Hamburg Supervisor Steven J. Walters exercised his authority to name a deputy town supervisor Monday night, and the Town Board exercised its right to abolish the position.
Walters appointed Thomas Best Sr., a former town police captain and head of the Blasdell Police Department, as deputy supervisor. Best, a Conservative, recently retired after a 40-year career in law enforcement.
The move echoed one by the Orchard Park Republicans in 2002, when they abolished the deputy supervisor position rather than allow Supervisor Toni Cudney, the lone Democrat, to appoint a political ally.
D. Mark Cavalcoli had been deputy supervisor during Walters' first year in office, but the supervisor -- the lone Republican on the board -- declined to reappoint him.
Walters said he chose Best because "there were things I wanted to see done that the Town Board felt otherwise about. I wanted someone who shared my vision, shared my ideals, and Tom had a terrific resume. Like me, he's a fiscal conservative."
The four Democrats on the board were unanimous in abolishing the position, however, with Councilman Thomas J. Quatroche Jr. speaking for the majority.
"This has nothing to do with Mr. Best or his selection as deputy supervisor," said Quatroche. "In the future, if the supervisor would like to appoint a fellow board member, Republican or Democrat, I would reconsider reinstating the position."
Of course, at this point there are only Democrats.
When Walters cast his lone vote against abolition of the postion, he was joined by a chorus in the audience echoing his "no."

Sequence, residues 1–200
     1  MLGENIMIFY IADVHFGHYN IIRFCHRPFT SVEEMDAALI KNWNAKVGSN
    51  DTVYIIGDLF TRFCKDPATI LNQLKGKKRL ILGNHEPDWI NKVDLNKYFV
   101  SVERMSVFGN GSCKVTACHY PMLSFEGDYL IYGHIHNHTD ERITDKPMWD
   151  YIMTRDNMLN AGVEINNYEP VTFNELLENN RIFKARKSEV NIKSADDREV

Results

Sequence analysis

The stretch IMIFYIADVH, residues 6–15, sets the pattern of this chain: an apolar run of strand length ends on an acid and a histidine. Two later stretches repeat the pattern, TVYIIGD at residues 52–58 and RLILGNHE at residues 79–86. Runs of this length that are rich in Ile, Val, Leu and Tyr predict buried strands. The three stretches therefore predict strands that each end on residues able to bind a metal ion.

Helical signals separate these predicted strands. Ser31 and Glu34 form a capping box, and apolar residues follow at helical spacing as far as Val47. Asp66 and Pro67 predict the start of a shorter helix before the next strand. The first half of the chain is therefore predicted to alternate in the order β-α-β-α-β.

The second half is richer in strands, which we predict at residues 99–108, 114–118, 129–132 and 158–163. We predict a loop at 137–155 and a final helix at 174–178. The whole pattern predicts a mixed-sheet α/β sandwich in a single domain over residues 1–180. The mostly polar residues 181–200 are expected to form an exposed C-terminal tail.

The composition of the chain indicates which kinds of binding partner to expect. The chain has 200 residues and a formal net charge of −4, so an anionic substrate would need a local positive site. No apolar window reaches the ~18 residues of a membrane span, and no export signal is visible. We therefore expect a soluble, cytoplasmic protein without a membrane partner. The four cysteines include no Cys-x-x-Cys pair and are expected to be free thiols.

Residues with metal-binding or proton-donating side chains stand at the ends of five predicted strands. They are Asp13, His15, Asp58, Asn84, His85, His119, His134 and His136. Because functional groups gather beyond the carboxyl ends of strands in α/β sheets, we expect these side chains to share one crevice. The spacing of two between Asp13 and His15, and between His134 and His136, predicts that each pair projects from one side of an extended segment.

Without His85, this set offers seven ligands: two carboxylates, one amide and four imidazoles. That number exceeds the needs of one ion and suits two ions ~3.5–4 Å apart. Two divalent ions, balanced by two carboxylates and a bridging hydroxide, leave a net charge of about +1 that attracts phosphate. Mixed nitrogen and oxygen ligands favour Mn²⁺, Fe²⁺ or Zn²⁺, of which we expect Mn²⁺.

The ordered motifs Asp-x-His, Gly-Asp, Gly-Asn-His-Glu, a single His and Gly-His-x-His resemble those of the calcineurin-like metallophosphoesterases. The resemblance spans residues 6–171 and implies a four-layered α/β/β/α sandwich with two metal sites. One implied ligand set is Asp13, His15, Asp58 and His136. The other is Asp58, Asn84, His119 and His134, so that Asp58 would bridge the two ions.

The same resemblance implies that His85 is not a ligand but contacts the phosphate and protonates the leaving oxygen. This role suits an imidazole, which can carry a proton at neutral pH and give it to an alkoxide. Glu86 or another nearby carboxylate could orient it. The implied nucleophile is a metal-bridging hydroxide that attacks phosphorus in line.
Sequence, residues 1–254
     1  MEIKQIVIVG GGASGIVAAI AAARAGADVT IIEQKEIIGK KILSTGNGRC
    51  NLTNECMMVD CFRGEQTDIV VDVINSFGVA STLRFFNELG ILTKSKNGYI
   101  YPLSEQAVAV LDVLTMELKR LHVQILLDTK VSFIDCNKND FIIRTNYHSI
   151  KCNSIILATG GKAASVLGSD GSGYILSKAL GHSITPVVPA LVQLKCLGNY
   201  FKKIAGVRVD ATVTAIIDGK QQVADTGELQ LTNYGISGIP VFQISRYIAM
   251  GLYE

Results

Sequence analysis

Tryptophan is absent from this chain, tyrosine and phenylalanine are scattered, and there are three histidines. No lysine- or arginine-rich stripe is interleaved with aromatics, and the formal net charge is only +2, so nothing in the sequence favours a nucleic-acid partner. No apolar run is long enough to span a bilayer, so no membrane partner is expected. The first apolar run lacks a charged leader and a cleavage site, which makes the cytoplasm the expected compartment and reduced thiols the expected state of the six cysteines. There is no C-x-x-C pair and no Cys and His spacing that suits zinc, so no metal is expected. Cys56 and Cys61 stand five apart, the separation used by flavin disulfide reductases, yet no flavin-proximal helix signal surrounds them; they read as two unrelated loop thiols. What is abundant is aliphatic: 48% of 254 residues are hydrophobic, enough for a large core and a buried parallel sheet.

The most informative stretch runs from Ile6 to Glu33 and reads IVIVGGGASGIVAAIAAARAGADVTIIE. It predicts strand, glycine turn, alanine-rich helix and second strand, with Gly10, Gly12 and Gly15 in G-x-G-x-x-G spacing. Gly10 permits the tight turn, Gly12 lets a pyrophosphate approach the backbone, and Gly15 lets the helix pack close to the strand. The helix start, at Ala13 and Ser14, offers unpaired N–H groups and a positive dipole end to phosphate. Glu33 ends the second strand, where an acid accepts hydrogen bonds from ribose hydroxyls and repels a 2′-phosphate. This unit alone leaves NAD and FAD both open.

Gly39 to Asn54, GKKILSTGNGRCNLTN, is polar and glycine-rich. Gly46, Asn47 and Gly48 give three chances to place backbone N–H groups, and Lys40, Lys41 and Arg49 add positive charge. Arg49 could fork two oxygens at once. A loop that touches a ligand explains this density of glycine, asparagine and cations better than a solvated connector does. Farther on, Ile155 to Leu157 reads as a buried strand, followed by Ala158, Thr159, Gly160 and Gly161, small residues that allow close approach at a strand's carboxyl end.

In fact, about a third of the audience walked out. Most were Hamburg police officers. "We can't talk to the press or we might get fired," said one as he stood in the stairway outside.
Tim Crawford, president of the Hamburg Police Benevolent Association, spoke for the police. "Tom Best would have brought in some experience," said Crawford. "We were here to support a former captain in our department who was very well respected and very well liked."
Best said that he had harbored no political ambitions but in the wake of the board's action he might reconsider.
"I'm not a politician, and my agenda was the same as it's been for 40 years here, to serve and protect," Best said. "That's what I wanted to do, but because I'm not a Democrat I can't do that. But it might not be over yet. There are a couple of seats coming up in November."
The board majority also removed Walters as liaison with the Police Department, at the request of Police Chief Joe Coggins.
"We don't want to blame anyone for miscommunications, but there needs to be some healing in the Police Department," said Quatroche. "We just felt [new liaison] Cavalcoli would be a good person to help do that."
"I questioned an administration that in the past hadn't been questioned," said Walters. "I don't think it was looked upon kindly."